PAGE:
be' -n loving hands, have bloomed all winter in
our dining-room window, making the room
Jamie and the Bee, ever so much brighter and pleasanter than
t it would have been without them.
LITTLE Jamie is eating his lunch, all by it wod haet sing s coe, d the a
S fdf e Now that spring has come, and the air
himself at the kitchen table, just in front t cose for he
of the house is too close for the sensitive
of an open window.
To be sure, his plate of bread and things, Jennie has removed them to a
Sd small balcony outside the uw er hall
molasses doesn't look very inviting to small balcony outside the upper hall
Sewindow; and here she cares for them as
you and I, especially now, after he hass em
been stirring it around with his spoon for untiringy as when winter's snow and cold
a while. But the bee isn't as fastidious kept her indoors much of the time.
as we, and seems quite willing to share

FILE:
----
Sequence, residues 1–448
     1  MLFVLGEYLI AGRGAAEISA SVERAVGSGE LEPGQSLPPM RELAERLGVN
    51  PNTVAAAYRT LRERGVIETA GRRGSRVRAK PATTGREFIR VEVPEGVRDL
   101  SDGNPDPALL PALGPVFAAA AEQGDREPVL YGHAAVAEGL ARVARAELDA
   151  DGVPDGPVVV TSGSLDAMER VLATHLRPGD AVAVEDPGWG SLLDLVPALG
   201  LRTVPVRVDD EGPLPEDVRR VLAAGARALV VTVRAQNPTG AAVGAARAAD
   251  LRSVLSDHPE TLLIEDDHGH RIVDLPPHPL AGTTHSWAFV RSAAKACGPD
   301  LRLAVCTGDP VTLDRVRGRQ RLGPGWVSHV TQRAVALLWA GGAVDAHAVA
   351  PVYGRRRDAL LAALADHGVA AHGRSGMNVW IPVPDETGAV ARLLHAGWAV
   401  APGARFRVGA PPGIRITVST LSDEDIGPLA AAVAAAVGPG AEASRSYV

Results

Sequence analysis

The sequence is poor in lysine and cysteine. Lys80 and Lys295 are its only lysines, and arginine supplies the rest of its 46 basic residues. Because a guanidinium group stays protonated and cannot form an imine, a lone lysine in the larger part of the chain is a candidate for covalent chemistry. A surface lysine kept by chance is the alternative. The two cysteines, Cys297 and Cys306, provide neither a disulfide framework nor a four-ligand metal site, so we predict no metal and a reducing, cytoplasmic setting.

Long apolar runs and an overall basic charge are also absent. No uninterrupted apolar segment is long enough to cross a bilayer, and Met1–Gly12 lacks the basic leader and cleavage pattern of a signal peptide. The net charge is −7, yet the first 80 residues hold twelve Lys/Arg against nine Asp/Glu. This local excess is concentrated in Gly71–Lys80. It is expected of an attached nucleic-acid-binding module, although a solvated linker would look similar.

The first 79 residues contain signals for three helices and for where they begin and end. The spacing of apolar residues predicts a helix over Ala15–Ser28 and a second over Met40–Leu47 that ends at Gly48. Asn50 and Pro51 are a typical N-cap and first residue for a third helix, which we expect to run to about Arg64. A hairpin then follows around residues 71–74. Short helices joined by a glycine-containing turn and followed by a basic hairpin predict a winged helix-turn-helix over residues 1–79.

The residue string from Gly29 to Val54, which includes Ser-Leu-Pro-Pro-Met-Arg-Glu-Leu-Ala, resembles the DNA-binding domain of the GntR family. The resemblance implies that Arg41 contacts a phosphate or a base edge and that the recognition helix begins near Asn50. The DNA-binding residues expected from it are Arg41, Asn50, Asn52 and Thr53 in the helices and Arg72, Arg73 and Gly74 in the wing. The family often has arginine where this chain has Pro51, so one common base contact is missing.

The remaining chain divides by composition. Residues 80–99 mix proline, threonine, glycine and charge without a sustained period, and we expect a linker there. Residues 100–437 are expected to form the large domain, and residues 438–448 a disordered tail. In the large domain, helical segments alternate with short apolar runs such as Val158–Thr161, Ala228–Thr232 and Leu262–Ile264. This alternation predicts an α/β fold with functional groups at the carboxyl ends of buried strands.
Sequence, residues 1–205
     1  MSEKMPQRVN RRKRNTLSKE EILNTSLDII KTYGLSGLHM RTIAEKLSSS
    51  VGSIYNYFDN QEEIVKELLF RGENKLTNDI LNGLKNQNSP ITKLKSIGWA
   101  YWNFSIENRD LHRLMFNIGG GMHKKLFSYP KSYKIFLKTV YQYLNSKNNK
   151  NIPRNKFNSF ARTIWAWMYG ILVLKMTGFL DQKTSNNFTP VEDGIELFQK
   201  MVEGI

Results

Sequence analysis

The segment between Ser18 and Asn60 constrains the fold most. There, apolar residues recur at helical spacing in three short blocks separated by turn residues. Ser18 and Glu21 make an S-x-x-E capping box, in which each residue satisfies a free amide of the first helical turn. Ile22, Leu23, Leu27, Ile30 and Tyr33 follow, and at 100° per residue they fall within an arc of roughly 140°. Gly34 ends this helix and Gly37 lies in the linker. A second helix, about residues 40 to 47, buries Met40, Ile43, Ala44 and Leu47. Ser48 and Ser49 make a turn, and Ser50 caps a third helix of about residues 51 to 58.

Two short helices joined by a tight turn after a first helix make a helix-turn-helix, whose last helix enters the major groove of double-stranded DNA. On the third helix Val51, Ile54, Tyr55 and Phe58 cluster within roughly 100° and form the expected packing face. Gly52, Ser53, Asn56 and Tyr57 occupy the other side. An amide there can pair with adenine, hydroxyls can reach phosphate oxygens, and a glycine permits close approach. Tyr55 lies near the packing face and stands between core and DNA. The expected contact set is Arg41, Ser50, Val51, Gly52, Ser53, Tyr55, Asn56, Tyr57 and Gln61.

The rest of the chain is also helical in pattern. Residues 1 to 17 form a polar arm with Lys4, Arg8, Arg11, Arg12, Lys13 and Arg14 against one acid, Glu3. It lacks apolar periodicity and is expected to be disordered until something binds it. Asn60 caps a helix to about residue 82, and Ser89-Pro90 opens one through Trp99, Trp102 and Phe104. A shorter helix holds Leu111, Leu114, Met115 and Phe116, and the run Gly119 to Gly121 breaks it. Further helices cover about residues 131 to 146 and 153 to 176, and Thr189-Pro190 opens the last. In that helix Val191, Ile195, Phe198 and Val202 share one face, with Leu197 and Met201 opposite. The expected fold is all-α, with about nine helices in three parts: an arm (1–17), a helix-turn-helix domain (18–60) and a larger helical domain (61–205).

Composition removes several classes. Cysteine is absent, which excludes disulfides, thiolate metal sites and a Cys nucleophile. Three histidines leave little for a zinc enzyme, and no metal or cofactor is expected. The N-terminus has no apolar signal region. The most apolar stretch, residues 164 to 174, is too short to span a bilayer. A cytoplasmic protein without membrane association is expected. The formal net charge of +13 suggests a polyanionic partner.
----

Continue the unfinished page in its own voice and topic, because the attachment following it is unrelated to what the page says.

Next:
the little boy's lunch with him. Our Baby Oak Tree.
Indeed it seems to be a very economical A FEW weeks ago we covered a hya-
insect; for instead of eating from the cinth glass with a disk of cardboard, from
plate, he takes it upon him to gather up the a hole in the center of which we sus-
stray bits of sweet that Jamie has unin- pended an acorn by a bit of thread. The
tentionally distributed over various parts g ass was half filled with water, but the
of his person. I wonder if either you or acorn did not quite touch its surface.
I would watch so composedly a bee crawl- In a few days the seed burst and a root
ing over our arm? I fear I should not. pushed out and thrust itself into the
What say you ? water; and shortly afterwards a stem shot.
__ out at the other end, and soon pressed
against the card. We then made a hole